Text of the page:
Today’s shifting demographics challenge law and policy-makers to understand and adapt to an aging population. It is important that all of those involved in serving older adults or developing law and policy affecting them better understand the needs and circumstances of this group. This includes government at all levels, service providers both public and private, community and advocacy organizations, and the legal profession (including its organizations). To ensure equitable and effective law and policy, this deeper understanding should be paired with a holistic, comprehensive and principled approach to the area.
As has often been noted, efforts to improve understanding among law and policy-makers must be paired with a shift in attitudes towards aging and older people among the general populace, away from stereotypes and paternalism and towards recognizing the value, contributions and capacities of older persons.
Older persons themselves will benefit from better access to information and supports regarding laws, policies and practices that may affect them, as this will support their abilities to make informed choices and to be active participants in their communities and in the development of laws, policies and practices.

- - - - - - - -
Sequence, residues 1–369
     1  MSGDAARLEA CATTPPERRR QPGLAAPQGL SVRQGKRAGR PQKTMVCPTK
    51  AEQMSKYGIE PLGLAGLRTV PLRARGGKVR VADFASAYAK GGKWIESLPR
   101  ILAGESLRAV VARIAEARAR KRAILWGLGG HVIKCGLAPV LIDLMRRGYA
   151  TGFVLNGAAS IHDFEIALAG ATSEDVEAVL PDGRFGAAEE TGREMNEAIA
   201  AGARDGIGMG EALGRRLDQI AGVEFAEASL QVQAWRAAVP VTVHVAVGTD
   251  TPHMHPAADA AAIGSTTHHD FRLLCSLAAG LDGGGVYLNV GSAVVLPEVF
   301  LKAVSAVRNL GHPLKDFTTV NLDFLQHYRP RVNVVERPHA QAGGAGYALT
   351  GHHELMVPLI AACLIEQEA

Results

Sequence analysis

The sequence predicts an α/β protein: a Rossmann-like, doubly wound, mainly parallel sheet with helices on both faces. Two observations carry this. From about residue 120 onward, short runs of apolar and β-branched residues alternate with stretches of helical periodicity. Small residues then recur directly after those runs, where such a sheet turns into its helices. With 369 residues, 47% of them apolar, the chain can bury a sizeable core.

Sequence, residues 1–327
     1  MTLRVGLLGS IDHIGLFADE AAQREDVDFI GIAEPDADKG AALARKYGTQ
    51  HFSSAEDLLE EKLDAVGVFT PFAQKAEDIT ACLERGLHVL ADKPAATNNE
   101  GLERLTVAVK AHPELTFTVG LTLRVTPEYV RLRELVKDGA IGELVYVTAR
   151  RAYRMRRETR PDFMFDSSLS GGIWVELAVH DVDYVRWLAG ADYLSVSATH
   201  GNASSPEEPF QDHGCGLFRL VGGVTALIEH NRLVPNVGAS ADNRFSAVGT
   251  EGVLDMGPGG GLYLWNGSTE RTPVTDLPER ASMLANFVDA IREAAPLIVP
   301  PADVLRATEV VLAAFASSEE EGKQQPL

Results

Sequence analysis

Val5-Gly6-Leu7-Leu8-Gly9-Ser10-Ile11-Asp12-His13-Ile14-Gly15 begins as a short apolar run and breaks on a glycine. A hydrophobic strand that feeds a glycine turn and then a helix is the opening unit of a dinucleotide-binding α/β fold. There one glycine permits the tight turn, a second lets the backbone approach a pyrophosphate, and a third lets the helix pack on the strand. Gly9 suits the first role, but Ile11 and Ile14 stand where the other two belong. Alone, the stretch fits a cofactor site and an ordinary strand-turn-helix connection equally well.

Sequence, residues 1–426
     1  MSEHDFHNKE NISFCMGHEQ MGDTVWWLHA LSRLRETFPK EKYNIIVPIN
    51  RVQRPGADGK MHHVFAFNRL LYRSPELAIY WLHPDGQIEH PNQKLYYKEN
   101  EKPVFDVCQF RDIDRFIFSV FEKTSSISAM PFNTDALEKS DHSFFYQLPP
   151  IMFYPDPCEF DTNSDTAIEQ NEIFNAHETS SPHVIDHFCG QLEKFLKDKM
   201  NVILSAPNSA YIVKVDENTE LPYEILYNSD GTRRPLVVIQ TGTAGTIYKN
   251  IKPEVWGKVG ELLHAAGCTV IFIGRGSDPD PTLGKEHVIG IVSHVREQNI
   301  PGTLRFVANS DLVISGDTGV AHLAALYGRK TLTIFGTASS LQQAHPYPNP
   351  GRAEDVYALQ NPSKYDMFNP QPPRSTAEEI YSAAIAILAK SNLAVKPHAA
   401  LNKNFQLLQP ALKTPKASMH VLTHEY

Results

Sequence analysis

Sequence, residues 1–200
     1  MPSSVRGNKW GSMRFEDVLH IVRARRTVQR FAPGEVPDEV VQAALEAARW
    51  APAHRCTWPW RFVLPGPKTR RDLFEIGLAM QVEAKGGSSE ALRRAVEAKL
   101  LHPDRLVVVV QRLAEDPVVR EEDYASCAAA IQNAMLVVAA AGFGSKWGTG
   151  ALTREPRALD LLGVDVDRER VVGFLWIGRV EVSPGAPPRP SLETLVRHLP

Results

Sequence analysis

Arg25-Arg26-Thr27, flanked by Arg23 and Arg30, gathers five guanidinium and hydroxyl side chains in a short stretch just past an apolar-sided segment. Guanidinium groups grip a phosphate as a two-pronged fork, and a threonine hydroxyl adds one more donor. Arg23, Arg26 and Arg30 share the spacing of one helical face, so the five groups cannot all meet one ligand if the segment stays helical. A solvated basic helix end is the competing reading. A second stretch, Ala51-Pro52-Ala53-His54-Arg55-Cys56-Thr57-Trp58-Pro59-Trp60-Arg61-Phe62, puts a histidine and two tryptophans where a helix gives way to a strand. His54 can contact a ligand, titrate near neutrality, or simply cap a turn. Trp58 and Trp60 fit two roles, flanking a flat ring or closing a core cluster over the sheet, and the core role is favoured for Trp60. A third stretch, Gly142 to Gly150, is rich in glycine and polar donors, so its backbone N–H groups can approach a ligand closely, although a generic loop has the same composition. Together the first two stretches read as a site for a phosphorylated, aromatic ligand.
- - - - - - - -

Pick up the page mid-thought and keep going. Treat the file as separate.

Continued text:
It was the intent of the LCO in developing this Report and the Framework which it supports, to assist in developing a better understanding of the effects of law, policy and practice on the growing cohort of older adults in the population, and in identifying positive approaches which will advance substantive equality for older adults. This will benefit not only older adults, but all of us. As the principle of membership in the broader community highlights, we are all connected. Failure to respect the dignity, autonomy, security, inclusion and diversity of older adults will affect the wellbeing of all of us.
The LCO will disseminate the Report and Framework broadly to the groups identified above. As part of this broader strategy, the LCO intends to develop plain language materials related to the Framework.
The LCO realizes that this is an evolving area. The Report and Framework should not be considered, and were not intended to be, a final word on the matter. Rather, the LCO intends that these will form the foundation of further research, discussion and analysis, and that the Framework can be adapted for use in a variety of contexts. The LCO itself intends to apply this Framework, as well as the results of the sister project on The Law as it Affects Persons with Disabilities to a law reform project focussed on Ontario’s laws related to capacity and guardianship, to commence in summer 2012.
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